Community health nurses

How can community health nurses apply the strategies of cultural competence to their practice? A nurse can be a part of helping a patient’s cultural preservation in their practice. For example, some people in the Jamaican culture hold nine-day wakes for deceased persons. The wake is a time for respecting and honoring the departed soul. For nine nights, relatives and friends share food and sing hymns, thus saying goodbye to the departed one (). A nurse can advocate for a patient from Jamaican cultural by coordinating with the hospice facility a way for the wake to take place as the Jamaican culture sees fit.

A nurse can also apple cultural accommodation into their practice. For example, in Jamaican cultures herbal medicines are popular, and herbal medicine practitioners and balmists, who practice bush medicine, provide treatment for a wide range of ailments.

A nurse can advocate for cultural accommodation by working with the health care team to accommodate the use of herbal medicine preferences.

Health care team members a nurse can involve with this cultural accommodation may include the Physician, pharmacist, or nutritionist. A nurse can also also apply cultural repatterning into their practice. For example, Jamaica’s most popular dish is jerk, a term that describes the process of cooking meats smothered in tongue-searing marinade, and barbecued slowly in an outdoor pit over a fire of pimento wood, which gives the meat its distinctive flavor. Unfortunately, jerk contains high levels of salt and sodium. If a patient has health issues that include congestive heart failure or hypertension, they may need to be on a low sodium diet.

A nurse can help with cultural repatterning by teaching the client how to reduce the salt or sodium in their diet, but at the same time maintaining their cultural food preferences.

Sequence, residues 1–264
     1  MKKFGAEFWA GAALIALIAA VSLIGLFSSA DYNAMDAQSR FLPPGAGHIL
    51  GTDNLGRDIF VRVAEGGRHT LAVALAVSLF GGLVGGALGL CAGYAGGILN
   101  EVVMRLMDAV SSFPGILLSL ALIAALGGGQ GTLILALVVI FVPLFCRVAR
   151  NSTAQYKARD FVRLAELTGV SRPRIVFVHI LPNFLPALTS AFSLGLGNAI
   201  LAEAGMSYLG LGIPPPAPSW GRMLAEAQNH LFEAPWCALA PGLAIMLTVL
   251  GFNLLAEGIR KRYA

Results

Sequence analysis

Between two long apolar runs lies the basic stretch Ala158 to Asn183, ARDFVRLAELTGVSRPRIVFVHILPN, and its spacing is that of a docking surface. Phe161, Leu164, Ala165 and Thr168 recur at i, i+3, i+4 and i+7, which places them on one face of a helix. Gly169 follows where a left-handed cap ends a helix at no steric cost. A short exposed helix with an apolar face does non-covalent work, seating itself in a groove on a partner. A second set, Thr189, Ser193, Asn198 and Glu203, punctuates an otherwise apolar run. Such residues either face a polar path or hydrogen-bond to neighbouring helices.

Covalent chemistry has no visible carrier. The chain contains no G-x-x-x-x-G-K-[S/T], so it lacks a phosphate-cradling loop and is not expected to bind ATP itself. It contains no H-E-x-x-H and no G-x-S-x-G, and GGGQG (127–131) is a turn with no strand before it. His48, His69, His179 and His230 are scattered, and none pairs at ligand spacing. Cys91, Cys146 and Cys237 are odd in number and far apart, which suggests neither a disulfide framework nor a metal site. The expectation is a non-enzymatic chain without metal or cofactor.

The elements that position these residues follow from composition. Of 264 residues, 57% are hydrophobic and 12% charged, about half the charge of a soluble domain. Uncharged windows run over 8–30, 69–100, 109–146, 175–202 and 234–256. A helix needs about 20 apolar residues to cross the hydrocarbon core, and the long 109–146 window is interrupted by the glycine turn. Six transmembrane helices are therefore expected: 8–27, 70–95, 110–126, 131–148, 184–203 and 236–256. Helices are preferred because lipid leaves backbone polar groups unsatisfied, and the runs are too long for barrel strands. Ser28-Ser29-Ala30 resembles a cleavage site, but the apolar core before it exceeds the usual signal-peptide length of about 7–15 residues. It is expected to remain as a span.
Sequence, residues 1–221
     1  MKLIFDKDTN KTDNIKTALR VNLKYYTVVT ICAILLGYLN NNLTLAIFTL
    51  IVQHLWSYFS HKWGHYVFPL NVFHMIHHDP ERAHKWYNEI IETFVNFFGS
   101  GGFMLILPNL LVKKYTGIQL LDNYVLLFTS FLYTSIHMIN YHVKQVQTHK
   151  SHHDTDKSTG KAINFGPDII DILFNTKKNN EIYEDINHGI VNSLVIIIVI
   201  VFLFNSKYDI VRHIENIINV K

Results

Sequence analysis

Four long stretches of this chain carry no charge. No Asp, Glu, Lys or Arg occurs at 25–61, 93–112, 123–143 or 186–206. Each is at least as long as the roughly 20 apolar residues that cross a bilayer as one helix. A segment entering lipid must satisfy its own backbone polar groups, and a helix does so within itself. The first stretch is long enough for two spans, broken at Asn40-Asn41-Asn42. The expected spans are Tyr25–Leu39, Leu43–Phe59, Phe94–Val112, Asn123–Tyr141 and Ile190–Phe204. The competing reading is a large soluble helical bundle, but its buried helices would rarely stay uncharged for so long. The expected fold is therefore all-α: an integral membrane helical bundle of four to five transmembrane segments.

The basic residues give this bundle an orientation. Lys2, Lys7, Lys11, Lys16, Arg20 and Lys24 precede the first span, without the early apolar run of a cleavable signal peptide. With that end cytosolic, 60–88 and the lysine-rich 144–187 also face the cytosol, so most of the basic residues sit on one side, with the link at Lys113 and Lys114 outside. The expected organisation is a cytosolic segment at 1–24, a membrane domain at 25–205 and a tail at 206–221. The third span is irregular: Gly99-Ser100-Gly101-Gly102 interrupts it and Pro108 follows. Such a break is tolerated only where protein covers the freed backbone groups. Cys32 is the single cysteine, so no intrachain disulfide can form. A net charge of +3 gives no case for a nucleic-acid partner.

A nurse can provide recipes for jerk with less salt, or work with a nutritionist to tweak the client’s recipes to maintain cultural flavors but lower the sodium content. A nurse can also take part in cultural brokering in their practice. For example, Christianity is the religion that the majority of Jamaican’s practice. Jamaica is known to have the most churches per square mile than any other country ( ). A nurse can intervene for a Jamaican client to ensure they receive culturally appropriate care by working with the health care facility to coordinate care to allow for a Christian minister to come visit with the Jamaican patient and their family.

Barriers to applying cultural preservation, accommodation, repatterning, and brokering include time, money, and health risk factors. The health care facility may not have the means/money to allow for the tradition Jamaican wake for a deceased family member. The use of traditional herbs may be a risk to health if they interact with medications the patient is taking. A visit by a Christian minister may interfere with scheduled care such as diagnostic testing or no visitation/rest time. A nurse is responsible for respecting and maintaining a patients cultural preferences as much as possible. They must advocate for a patient’s cultural desires when possible. Cultural Brokering

Cultural brokering means to intervene for clients to ensure that they receive culturally appropriate care within the Western health care system. The nurse understands the client’s values and the system’s values, and can therefore advocate, mediate, or negotiate for the client (Stanhope & Lancaster, 2008). When any of these actions are practiced with the intent to advocate, stand up for, support, intervene, or negotiate for the culture of the individual, families, aggregates, or community, then cultural brokering is being carried out.

Health Education

Provide at least one example from each of the following four strategies: cultural preservation,
cultural accommodation,
cultural repatterning
cultural brokering.
What is a possible barrier to applying the strategy/example chosen?

Use an example that is different than the postings of other students.

Jamaicans use fruits and vegetables for their healing properties. Papaya helps relieve indigestion, while guava leaves treat diarrhea, and tamarind soothes itchy skin and chicken pox. Herbal medicines are popular, and herbal medicine practitioners and balmists, who practice bush medicine, provide treatment for a wide range of ailments. Herbs are administered as an infusion (tea), a poultice or bath. A popular treatment is bush tea, which can contain many ingredients such as lemon, fever grass, sour sop, breadfruit leaves and pepper elder.

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